If you follow this blog with any regularity, then you’re probably familiar with my ranting about Google Analytics taking away our organic keyword data. Rolling with the punches, I’ve even attempted in the past to offer strategies to recoup some of that lost data, or at least explain how to make some inferences based on the table scraps Google left us with. Now I fear we’ll all look back on these earlier struggles as “the good ol’ days”, folks.
Why such a melodramatic intro? Oh, no reason….. It’s just that Google decided a few months ago that they would no longer provide ANY keyword data for Google organic searches! I apologize for the delayed post, but as you can imagine, I’ve been stricken with such GTSD lately, it’s a battle just to get out of bed in the morning.
If you’re new to this topic, I’d recommend checking out the first two links above, but here’s a quick recap. As Danny Sullivan notes, our “(not provided)” journey really began 2 years ago when Google first began encrypting the searches of users who were logged in, and then things just snowballed (emphasis mine):
Over the past two years, the percentage of search terms as “not provided” has increased asMozilla’s Firefox in July 2012, Apple’s Safari browser in iOS 6 in September 2012 and Google’s own Chrome browser in January 2013 have used encrypted search, even when people aren’t signed in at Google.
Obviously we’d been dealt a serious blow, but it wasn’t until September this year when Google announced that all searches would now be secure. Oddly I haven’t yet seen 100% of searches hidden behind “(not provided)”, but we’ve gone from 30% in 2011, to 50% in 2012 to right around 90% as we wrap up 2013. Barry Schwartz highlighted this mysterious phenomenon back in Sept., but for whatever reason I’m still seeing it today:
In fact, I checked this morning, and this site shows 93.4% of all Google organic search queries as being not provided. What about the other 6.6%? Maybe the SSL migration of Google is not 100% complete yet?
Either way, you can sympathize with his frustration:
I guess Google felt, what the heck, 70% of search queries were not provided anyway, let’s go all in! Screw online marketers. Screw webmasters. Screw SEOs. Take away their real search queries. Make them depend on getting that data from Google Webmaster Tools, which is far from a complete picture of your data.
Google Keyword Data is Still Available… For a Price!
Throughout this saga, we’ve all wondered what Google’s motivation is for this move, and the privacy excuse just doesn’t wash. Because if you’re a Google Adwords advertiser, you’re swimming in a sea of paid search keyword data. I suspect the phrase “you can’t put a price on privacy” has already been coined, but apparently it’s also incorrect when it comes to Google keyword data. The price, apparently, is what your cost per click.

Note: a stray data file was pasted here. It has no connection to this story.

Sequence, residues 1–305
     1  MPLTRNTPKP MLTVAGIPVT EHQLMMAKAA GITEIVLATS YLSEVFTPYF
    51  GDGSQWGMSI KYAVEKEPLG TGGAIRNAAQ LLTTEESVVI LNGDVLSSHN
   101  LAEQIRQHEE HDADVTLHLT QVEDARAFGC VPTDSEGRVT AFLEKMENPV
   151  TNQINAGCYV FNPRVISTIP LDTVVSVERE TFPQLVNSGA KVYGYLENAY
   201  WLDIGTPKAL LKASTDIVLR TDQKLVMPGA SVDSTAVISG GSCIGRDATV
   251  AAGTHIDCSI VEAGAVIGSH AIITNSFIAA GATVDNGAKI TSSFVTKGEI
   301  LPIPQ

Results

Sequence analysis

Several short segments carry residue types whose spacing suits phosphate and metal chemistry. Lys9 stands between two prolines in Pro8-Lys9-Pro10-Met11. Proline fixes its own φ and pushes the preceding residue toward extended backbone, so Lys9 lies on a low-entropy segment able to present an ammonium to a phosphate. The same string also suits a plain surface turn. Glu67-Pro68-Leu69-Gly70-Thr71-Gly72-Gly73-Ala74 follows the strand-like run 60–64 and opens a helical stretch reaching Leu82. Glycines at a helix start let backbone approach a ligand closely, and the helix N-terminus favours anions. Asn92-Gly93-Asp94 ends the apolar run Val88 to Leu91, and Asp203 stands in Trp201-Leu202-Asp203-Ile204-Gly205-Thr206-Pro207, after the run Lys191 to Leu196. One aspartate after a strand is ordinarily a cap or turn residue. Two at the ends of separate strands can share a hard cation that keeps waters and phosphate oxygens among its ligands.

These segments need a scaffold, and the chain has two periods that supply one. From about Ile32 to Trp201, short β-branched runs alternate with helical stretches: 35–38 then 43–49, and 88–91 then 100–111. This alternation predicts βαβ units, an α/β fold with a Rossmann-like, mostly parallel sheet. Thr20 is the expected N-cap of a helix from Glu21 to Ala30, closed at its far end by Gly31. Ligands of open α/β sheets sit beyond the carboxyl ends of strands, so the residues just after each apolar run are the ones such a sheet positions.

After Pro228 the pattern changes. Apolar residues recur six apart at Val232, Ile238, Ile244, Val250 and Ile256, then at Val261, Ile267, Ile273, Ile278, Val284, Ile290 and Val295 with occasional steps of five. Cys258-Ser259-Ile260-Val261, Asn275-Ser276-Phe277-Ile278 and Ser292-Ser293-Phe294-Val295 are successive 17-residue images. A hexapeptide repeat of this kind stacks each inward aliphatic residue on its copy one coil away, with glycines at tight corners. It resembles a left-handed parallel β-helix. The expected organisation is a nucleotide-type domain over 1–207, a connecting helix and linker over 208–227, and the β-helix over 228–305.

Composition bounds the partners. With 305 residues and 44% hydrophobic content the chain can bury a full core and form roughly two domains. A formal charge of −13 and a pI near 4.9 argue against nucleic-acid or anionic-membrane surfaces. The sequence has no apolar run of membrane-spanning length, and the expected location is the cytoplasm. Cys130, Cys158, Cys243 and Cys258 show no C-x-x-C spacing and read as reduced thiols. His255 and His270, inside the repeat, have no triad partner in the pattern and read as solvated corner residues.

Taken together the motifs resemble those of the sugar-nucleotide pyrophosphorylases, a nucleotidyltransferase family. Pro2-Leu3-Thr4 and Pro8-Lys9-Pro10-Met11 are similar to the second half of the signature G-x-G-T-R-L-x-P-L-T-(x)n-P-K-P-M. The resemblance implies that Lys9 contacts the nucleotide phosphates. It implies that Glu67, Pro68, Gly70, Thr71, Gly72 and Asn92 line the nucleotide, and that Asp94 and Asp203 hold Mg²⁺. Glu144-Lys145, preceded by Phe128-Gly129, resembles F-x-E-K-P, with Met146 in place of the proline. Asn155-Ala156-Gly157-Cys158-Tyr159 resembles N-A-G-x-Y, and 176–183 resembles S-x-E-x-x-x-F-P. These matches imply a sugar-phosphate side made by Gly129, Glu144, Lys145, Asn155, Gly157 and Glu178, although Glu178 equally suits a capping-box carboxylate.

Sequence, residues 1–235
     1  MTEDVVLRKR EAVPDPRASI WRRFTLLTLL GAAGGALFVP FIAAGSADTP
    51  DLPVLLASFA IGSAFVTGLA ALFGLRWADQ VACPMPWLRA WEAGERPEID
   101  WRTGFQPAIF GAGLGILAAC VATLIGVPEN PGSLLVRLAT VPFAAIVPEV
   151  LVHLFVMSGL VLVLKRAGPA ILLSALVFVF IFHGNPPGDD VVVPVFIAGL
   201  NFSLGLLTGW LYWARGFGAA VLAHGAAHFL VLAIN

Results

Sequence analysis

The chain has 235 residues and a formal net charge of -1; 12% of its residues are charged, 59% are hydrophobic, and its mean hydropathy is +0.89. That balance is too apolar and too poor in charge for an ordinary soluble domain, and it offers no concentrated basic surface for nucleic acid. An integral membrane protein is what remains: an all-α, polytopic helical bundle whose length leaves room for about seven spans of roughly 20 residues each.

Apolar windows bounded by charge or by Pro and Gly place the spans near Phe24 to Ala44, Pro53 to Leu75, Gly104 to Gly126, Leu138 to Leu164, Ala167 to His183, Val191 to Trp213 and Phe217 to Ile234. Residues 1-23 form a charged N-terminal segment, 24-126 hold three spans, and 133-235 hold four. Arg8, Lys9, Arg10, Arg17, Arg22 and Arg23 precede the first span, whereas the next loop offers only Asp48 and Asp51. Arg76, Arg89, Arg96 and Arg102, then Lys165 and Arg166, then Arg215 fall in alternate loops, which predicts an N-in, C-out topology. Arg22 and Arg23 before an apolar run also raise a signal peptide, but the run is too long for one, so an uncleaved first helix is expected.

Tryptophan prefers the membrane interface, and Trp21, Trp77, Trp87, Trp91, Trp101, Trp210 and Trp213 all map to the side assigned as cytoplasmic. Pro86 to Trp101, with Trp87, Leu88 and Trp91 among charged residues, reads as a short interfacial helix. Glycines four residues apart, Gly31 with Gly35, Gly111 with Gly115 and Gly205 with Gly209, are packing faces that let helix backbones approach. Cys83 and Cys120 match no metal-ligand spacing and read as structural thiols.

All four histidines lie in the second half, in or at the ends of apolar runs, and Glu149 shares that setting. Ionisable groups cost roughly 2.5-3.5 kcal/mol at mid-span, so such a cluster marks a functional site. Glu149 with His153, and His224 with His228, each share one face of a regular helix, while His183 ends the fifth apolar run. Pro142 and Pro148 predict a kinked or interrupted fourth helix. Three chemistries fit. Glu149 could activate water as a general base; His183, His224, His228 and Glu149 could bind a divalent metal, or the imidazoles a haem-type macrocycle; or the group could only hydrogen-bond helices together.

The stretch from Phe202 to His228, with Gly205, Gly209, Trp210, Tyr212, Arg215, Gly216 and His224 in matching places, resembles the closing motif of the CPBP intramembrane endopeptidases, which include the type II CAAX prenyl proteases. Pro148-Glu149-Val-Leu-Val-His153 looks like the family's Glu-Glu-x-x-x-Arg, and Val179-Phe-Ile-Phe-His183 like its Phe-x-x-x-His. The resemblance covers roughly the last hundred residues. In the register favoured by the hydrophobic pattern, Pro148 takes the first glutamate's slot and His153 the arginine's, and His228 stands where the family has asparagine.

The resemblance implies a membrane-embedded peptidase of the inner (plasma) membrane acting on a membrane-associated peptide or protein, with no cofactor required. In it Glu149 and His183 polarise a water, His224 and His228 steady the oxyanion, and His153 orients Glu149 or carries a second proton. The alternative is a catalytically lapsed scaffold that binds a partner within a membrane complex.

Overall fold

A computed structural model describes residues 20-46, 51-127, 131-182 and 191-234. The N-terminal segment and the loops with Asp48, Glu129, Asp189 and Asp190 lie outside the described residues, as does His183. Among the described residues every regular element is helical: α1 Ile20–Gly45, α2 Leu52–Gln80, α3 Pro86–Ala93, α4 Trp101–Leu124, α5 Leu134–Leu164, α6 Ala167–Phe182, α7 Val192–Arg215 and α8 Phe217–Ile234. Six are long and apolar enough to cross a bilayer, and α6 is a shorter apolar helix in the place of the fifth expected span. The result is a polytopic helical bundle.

As always, I have to say I don’t begrudge Google, who has a responsibility to their shareholders, for putting their bottom line first. I just can’t understand why they won’t be honest about it. In fact it might be nice if they offered a paid, monthly subscription service that would allow us to recapture the organic data, but that’s probably wishful thinking. It should also be pointed out that Google doesn’t “owe” us this information. We are after all talking about a private company and Google Analytics is a free service they don’t have to provide. It just sucks that they got us hooked on that juicy keyword data for so many years and then just took it away!
Clearly we find ourselves in a beggars can’t be choosers situation. The question is, where do we go from here?
Not Provided Survival Strategies
I mentioned a few methods for adapting to the new reality of lost keyword data back in July 2012, but that was when most businesses were only seeing a 20-50% loss, so those strategies aren’t all that helpful given the latest update. So is all hope lost? Well, not totally. For starters, you can always use Analytics to review your most popular landing pages and the traffic sources driving people to them and get a rough idea of what your visitors are searching for.
Beyond analyzing landing page data, there are some other more advanced strategies you can employ to remain a more informed online marketer. Fortunately some SEO and online marketing gurus have done the heavy lifting already. Barry Schwartz, for example, offers these 5 tips, harvested for a Webmaster World thread:
1) Develop / install a good search facility on the site and keep the logs of internal search queries.
2) Track clicks on blog tags, or install more query-based navigation systems.
3) Leverage the Google Webmaster Tools API to take as much query data from there.
4) Consider installing search facility or suggested keywords to click into emails, social widgets, apps
5) Go fully broad match on every single keyword and pay AdWords for your data.
At the bottom of this Search Engine Watch post announcing the Sept. update, Thom Craver links to these 5 other helpful resources:
The Not Provided Kit was far more useful, to track trends, when Analytics was still providing some Google organic keyword data… Now it mainly sounds like a cruel joke or something for those prone to self-flagellation. I wouldn’t say that no useful data can be harvested, but it seems aimed at showing you data you’ve lost. The first item in the “kit” is:
Your Current Percentage: A single-chart dashboard showing your current ‘not provided’ percentage (ie. how much open data remains).
When it’s 90-100%, I’m not sure how much help the rest of the kit will be, but it couldn’t hurt to explore it on your own and see if you find anything useful.